Elumelu’s Foundation canvasses massive investment in Africa’s power


The Tony Elumelu Foundation (TEF), has advocated massive private capital investment in Africa’s power sector as well as increased support to youth development as catalysts for driving the much-needed economic growth on the continent.

Chairman, United Bank for Africa (UBA), and Founder, TEF, Tony Elumelu, said this while speaking on a panel at the UK-Africa Investment Summit 2020, in London.

He stressed the need to invest in critical sectors of the economy such as electricity and human resources, noting that this will galvanize the continent, taking into consideration the huge population which Africa currently boasts of.

Elumelu said: “Africa needs massive private capital investments to enable us drive the sectors that will develop the economy, especially sectors like power. Access to electricity is very critical if we are to develop our continent. We have a huge youth population in Africa and I think that is our biggest resource as a continent. So, in order to talk about the development of our continent, we must prioritize this segment and focus on how to empower them.

“Empowering the youths will help us create jobs and alleviate poverty and I think that this empowerment must start from creating an enabling environment, from making sure we have roads, mass transportation systems and most importantly, fixing the problem of shortage of electricity on the continent. If we do all of this, we will unleash the enormous potential that resides in Africa and in these young people.”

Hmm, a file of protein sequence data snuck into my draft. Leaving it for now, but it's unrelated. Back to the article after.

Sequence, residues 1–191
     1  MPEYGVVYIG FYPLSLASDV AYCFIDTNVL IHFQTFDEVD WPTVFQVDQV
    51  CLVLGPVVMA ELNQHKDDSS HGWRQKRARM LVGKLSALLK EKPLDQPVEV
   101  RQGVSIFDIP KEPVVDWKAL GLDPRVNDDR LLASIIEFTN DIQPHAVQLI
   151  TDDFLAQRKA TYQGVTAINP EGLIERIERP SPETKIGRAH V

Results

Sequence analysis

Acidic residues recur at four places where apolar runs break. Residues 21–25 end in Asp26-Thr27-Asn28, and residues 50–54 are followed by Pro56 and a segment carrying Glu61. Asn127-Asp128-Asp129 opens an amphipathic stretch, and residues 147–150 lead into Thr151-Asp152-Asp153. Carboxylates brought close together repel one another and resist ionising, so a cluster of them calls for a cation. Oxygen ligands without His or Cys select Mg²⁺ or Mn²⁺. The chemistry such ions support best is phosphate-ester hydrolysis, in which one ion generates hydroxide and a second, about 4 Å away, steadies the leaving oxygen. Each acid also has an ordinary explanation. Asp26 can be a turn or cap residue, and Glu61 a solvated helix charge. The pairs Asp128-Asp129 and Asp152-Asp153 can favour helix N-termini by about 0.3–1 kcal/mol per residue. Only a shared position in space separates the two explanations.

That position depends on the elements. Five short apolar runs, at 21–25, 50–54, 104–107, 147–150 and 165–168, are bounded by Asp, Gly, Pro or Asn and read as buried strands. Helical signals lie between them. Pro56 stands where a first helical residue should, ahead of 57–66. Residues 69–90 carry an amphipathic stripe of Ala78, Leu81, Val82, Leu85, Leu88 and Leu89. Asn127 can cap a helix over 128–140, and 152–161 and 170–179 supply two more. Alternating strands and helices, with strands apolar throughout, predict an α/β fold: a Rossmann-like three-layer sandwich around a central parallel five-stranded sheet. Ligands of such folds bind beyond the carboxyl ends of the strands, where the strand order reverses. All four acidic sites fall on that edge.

TEF in the past five years, has empowered over 9,600 youths across the continent with seed capital, mentoring, and networking to grow their businesses and enable them contribute to economic development.

Throwing more light on what TEF has been able to achieve, he said: “During lunch, I interacted with some alumni of the Tony Elumelu Entrepreneurship programme, who said they were beneficiaries of $5,000 support in 2015 from the TEF, and today, they have just completed raising $3million, becoming one of the biggest food chain providers in Rwanda. These are some examples of what such interventions can do. We support, give them an enabling environment, provide a platform and think of our prosperity in a sustainable fashion.”

On his part, the World Bank President, David Malpass, spoke of more focus on digital financial services, as investing in Africa will help to take the continent to another level, adding that there is a need for more availability of electricity and good trade policies that will boost businesses on the continent.

The first ever, UK Africa Investment Summit 2020, which was opened by the British Prime Minister, Boris Johnson, brought together African heads of states, business leaders and investors, to discuss future partnerships between the UK and African nations. Africa has many suitors he posited.

“The United Kingdom is who you should be doing business with. We have no divine right to this business, it is a competitive world but look at what the UK has to offer. We are the partner of choice, of today, tomorrow and decades to come,” Johnson told African leaders hias he addressed the African presidents and business leaders.